I have a confession to make. I’m not a huge poetry fan. I try, really I do, but usually it’s a no-go. It makes me feel bad, too, because some of my closest friends write and publish lots of poetry so I know someone thinks it’s good.
Just not me.
However, when I add in song lyrics and Dr Suess, my ratio of poetry I like does inch skyward.
So I wanted to share with you my very favorite Christmas poem and one of my favorite holiday decorations we put up every year ”” a poem written by Bill Watterson, of Calvin and Hobbes fame. I think we own every book he’s published because we love Calvin and Hobbes more than is reasonable for grown-ups, but this particular one was published long ago in the Sunday funnies.
My husband attached it to sturdy foam backing and we set it out every year. When we were decorating this year, I flew into a low-grade, two-pronged panic when I couldn’t find it. First, how could someone as organized (some might say ‘anal’) as I lose a Christmas decoration?? And worse, how could it be my favorite one??
Luckily, it just got stuck under something in a box I thought was empty so Christmas wasn’t ruined after all.
May your winter night be cozy, and if it’s not, turn to warm whatever’s not.
0 thoughts on “Christmas Poetry”
very nice!!! thanks for sharing it! here is my favorite for you!
Merry Christmas to all of you!
Yes, Virginia, There is a Santa Claus
The New York Sun – 1897
We take pleasure in answering thus prominently the communication below, expressing at the same time our great gratification that its faithful author is numbered among the friends of The Sun:
I am 8 years old. Some of my little friends say there is no Santa Claus. Papa says, “If you see it in The Sun, it’s so.” Please tell me the truth, is there a Santa Claus?
– Virginia O’Hanlon
Virginia, your little friends are wrong. They have been affected by the skepticism of a skeptical age. They do not believe except they see. They think that nothing can be which is not comprehensible by their little minds. All minds, Virginia, whether they be men’s or children’s, are little. In this great universe of ours, man is a mere insect, an ant, in his intellect as compared with the boundless world about him, as measured by the intelligence capable of grasping the whole of truth and knowledge.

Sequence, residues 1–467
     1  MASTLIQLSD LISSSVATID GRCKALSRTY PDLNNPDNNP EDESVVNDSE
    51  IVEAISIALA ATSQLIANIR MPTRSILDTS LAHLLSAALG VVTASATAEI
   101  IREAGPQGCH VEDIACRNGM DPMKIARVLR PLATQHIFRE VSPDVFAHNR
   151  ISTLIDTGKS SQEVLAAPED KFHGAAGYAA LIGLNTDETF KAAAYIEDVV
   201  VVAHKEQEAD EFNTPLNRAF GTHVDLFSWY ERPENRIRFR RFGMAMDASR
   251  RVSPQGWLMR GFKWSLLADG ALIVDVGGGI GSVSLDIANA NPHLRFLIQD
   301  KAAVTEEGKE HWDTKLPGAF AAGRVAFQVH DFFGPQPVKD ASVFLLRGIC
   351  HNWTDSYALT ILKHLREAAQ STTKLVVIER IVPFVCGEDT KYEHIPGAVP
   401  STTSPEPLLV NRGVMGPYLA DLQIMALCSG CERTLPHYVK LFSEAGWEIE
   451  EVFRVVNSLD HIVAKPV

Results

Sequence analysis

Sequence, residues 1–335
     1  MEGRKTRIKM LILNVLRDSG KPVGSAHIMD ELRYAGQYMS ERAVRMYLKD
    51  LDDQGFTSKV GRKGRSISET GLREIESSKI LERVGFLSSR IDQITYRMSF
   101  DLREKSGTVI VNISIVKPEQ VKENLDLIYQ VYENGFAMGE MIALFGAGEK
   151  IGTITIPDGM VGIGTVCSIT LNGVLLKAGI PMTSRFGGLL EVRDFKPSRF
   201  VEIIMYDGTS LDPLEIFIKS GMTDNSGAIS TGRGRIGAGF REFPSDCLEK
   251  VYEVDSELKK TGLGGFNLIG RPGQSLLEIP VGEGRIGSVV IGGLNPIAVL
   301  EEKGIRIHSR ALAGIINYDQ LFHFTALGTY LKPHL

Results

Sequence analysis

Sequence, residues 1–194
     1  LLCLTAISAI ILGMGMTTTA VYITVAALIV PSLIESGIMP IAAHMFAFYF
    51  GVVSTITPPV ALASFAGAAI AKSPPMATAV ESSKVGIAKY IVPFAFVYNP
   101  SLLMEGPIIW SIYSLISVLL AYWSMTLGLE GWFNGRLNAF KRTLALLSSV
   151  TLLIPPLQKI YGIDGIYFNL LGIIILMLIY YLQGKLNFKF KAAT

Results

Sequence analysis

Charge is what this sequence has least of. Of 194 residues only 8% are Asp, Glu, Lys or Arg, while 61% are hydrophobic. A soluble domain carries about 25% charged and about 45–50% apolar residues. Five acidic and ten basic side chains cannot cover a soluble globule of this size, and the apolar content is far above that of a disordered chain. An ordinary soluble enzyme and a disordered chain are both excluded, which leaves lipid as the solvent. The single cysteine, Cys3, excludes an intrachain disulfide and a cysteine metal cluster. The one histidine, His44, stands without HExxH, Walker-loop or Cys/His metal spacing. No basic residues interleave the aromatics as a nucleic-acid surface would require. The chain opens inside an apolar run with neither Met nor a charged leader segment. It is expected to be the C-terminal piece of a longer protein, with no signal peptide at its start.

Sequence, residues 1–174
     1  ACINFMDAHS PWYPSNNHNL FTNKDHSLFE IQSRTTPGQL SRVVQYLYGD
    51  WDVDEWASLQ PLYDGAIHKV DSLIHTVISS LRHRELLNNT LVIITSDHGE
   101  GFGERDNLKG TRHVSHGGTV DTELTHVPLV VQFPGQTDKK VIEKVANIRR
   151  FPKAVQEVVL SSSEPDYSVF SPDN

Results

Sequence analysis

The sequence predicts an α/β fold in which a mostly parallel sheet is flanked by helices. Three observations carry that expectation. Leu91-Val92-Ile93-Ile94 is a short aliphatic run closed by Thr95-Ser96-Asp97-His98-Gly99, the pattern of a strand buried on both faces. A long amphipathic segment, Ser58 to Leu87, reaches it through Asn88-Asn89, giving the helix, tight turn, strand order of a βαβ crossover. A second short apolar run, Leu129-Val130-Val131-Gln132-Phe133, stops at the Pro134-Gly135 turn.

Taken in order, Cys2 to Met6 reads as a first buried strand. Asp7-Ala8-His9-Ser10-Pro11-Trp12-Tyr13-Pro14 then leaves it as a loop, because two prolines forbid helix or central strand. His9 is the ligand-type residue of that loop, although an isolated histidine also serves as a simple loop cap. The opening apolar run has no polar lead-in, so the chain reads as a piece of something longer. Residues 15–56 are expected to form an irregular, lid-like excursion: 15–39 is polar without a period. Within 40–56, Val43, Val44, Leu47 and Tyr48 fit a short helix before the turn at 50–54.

Yes, Virginia, there is a Santa Claus. He exists as certainly as love and generosity and devotion exist, and you know that they abound and give to your life its highest beauty and joy. Alas! how dreary would be the world if there were no Santa Claus! It would be as dreary as if there were no Virginias. There would be no childlike faith then, no poetry, no romance to make tolerable this existence. We should have no enjoyment, except in sense and sight. The external light with which childhood fills the world would be extinguished.
Not believe in Santa Claus! You might as well not believe in fairies. You might get your papa to hire men to watch in all the chimneys on Christmas eve to catch Santa Claus, but even if you did not see Santa Claus coming down, what would that prove? Nobody sees Santa Claus, but that is no sign that there is no Santa Claus. The most real things in the world are those that neither children nor men can see. Did you ever see fairies dancing on the lawn? Of course not, but that’s no proof that they are not there. Nobody can conceive or imagine all the wonders there are unseen and unseeable in the world.
You tear apart the baby’s rattle and see what makes the noise inside, but there is a veil covering the unseen world which not the strongest man, nor even the united strength of all the strongest men that ever lived could tear apart. Only faith, poetry, love, romance, can push aside that curtain and view and picture the supernal beauty and glory beyond. Is it all real? Ah, Virginia, in all this world there is nothing else real and abiding. No Santa Claus! Thank God! he lives and lives forever. A thousand years from now, Virginia, nay 10 times 10,000 years from now, he will continue to make glad the heart of childhood.